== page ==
If your S.G. is still close to what it was when you started your ferment, then you have a problem such as a stuck ferment. You TYPICALLY see a drop almost by 2/3 within 5-10 days from the time of pitching the yeast. Though some yeasts are fast fermenters and will ferment to dry in 3 days, so much does depend on the yeast and the temperature.
You want the ferment to cause the S.G. to drop, meaning as the number drops there is alcohol being produced from the available sugar. For example: if your starting S.G. (also documented as O.G.) is 1.090 and your final reading (also documented as F.G.) is 1.008 (you've checked it every day for 3 days and there is no change at all), then you can calculate your actual ACV (or if you really want this wine to be dry, you could try to tackle this as a stuck ferment and see if you can get the ferment to resume). I personally like this site to calculate my potential and actual ACV: http://dd26943.com/davesdreaded/tools/convert.htm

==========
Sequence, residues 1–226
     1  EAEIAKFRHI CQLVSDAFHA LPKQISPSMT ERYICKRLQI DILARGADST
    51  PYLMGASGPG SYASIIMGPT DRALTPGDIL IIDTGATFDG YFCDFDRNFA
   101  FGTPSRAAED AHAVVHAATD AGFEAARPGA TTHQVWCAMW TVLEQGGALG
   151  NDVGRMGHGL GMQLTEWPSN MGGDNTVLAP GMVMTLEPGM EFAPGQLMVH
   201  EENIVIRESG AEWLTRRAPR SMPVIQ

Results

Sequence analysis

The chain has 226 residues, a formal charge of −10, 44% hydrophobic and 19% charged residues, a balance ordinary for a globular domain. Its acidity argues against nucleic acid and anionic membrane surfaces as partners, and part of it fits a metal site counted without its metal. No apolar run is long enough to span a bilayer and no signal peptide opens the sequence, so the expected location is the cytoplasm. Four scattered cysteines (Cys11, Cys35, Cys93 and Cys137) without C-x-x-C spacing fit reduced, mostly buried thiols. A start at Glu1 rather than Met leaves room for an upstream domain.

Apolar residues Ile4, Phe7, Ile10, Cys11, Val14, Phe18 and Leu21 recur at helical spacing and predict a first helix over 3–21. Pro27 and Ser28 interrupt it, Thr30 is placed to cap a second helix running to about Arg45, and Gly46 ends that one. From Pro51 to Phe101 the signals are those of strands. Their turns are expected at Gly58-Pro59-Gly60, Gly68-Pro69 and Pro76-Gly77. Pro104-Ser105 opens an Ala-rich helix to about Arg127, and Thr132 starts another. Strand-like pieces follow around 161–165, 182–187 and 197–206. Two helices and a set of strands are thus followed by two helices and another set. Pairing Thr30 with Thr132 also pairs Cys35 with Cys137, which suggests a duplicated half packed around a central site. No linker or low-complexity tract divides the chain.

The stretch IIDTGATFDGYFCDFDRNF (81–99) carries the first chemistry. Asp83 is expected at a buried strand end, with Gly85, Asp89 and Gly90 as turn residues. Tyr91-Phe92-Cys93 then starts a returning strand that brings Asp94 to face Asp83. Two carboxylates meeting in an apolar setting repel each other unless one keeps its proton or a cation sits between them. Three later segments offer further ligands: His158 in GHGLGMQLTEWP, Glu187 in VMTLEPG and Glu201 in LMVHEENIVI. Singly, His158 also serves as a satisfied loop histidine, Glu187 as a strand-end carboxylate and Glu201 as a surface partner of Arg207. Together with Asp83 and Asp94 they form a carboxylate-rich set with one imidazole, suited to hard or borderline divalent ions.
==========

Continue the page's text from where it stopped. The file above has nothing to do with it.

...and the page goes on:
If you want a low alcohol content wine then you need to know what your starting S.G. should be for the ACV you desire, based on the assumption that the wine will ferment to dry. What was your starting S.G. and what day did you pitch the yeast, temperature of ferment & what yeast are you using.